Tag Archives: high school

Challenging Students or Challenging Environment

Challenging Students or Challenging Environment

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Even in my own head my most recent post(s) come off as a misrepresentation of what I’m really experiencing this year as a 2nd year teacher and graduate student. By no means have things been easy and just fallen into place properly. If anything I’ve felt as though I have to deal with a lot more chaos than I did at the beginning of last year. However, I’ve been managing it with more laughter and matter of factness, at least in my own head.

This year, I’m working with a lot more freshman students, which is great because its helping me build relationships with the new members of the student body. The freshman class is more independent than previous classes we’ve brought into the school. They seem to be able to work better on their own, and to date haven’t given much pushback when we give them homework or require them to step up to the plate with their work. This has been surprising, but also pretty frustrating when trying to figure out how to bring the same sense of responsibility to our sophomore and junior classes at the school. I’m not quite sure what we can do to bridge the gap for them, but, that will be part of my job next marking period as I work with some of our junior students in the new Post Graduate Prep Elective.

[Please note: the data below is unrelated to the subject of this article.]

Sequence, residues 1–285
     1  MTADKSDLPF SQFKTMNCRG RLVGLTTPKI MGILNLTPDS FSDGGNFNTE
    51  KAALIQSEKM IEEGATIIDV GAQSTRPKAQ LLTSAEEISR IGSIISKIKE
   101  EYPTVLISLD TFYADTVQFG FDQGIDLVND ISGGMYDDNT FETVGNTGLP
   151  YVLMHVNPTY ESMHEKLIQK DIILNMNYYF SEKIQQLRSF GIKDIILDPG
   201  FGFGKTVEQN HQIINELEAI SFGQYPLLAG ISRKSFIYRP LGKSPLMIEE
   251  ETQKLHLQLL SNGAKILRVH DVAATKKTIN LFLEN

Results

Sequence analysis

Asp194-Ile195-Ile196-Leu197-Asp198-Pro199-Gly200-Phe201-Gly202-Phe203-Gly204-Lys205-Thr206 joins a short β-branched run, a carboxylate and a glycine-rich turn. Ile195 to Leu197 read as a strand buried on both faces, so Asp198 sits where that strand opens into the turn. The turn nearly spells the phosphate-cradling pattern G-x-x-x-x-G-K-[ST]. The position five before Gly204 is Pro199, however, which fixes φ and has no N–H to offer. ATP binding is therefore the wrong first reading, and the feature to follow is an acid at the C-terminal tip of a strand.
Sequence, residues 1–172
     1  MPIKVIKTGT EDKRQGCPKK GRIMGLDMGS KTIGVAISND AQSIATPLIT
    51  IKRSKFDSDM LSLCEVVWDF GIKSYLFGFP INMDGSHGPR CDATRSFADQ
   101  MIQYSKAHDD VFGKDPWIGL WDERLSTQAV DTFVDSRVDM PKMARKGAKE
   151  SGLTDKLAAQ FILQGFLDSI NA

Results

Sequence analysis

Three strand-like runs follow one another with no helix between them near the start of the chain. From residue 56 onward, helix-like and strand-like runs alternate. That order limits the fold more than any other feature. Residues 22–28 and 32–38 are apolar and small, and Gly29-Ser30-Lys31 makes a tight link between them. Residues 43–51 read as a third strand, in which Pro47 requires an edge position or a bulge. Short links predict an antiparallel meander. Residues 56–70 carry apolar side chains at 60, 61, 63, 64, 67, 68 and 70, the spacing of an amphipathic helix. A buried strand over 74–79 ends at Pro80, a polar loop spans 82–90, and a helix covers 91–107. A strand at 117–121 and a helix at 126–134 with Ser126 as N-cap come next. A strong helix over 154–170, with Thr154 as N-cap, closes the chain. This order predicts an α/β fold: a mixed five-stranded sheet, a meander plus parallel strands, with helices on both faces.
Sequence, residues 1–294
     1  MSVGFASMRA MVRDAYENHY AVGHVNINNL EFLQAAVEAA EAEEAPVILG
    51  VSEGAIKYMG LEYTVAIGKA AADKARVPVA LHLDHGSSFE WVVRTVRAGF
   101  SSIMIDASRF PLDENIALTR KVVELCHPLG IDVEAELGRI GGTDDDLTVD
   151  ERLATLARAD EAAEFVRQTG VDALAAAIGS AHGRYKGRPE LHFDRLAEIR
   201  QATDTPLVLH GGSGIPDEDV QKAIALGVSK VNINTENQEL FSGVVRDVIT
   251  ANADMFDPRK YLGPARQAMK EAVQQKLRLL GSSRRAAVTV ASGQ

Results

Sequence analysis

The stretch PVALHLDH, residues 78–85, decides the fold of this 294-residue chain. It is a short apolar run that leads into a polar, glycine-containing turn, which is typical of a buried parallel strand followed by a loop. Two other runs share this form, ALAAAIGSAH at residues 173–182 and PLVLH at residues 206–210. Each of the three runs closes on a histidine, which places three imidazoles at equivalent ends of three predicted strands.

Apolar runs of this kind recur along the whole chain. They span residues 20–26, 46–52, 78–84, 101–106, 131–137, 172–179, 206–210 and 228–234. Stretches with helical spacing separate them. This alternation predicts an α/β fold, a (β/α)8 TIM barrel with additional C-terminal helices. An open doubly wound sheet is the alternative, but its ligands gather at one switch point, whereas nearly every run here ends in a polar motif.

This year’s freshman have been a great social experiment for me. I’ve really been able to push myself and them beyond what I thought I was able to do last year, and with a lot more natural appeal. Had you asked me last year if I was myself in the classroom or some character I presented, I would have answered that I was definitely my genuine self. However, the freshman this year seem to have brought a more relaxed and authentic version of myself into the classrooms as a teacher and my graduate classes as a student. They’ve also helped me realize that no single experience in the classroom starts and ends in that classroom. We live in a world that is constantly pulling and growing on things that have happened previously in all of our lives.

Some of the challenging situations I’ve had to maneuver this year have oddly enough all come from the same classroom. In one class of approximately 20 students on the roster my co-teacher and I have –